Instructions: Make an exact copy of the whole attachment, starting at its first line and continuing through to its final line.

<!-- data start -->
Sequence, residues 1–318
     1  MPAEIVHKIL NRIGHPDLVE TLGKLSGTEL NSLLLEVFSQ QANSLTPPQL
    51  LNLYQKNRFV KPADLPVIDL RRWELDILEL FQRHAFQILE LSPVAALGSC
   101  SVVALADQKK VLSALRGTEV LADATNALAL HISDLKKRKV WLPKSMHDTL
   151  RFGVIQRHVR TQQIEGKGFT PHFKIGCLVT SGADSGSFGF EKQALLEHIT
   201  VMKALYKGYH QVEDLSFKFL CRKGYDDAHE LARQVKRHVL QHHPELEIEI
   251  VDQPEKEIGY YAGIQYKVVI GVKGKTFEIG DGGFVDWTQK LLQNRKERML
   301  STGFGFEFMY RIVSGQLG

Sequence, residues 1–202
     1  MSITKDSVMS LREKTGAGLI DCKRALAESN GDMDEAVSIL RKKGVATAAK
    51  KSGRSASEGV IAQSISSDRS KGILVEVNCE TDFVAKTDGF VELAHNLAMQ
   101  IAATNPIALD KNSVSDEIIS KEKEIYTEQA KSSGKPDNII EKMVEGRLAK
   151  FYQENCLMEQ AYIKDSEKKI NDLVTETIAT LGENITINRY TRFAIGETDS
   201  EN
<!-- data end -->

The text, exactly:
Sequence, residues 1–318
     1  MPAEIVHKIL NRIGHPDLVE TLGKLSGTEL NSLLLEVFSQ QANSLTPPQL
    51  LNLYQKNRFV KPADLPVIDL RRWELDILEL FQRHAFQILE LSPVAALGSC
   101  SVVALADQKK VLSALRGTEV LADATNALAL HISDLKKRKV WLPKSMHDTL
   151  RFGVIQRHVR TQQIEGKGFT PHFKIGCLVT SGADSGSFGF EKQALLEHIT
   201  VMKALYKGYH QVEDLSFKFL CRKGYDDAHE LARQVKRHVL QHHPELEIEI
   251  VDQPEKEIGY YAGIQYKVVI GVKGKTFEIG DGGFVDWTQK LLQNRKERML
   301  STGFGFEFMY RIVSGQLG

Sequence, residues 1–202
     1  MSITKDSVMS LREKTGAGLI DCKRALAESN GDMDEAVSIL RKKGVATAAK
    51  KSGRSASEGV IAQSISSDRS KGILVEVNCE TDFVAKTDGF VELAHNLAMQ
   101  IAATNPIALD KNSVSDEIIS KEKEIYTEQA KSSGKPDNII EKMVEGRLAK
   151  FYQENCLMEQ AYIKDSEKKI NDLVTETIAT LGENITINRY TRFAIGETDS
   201  EN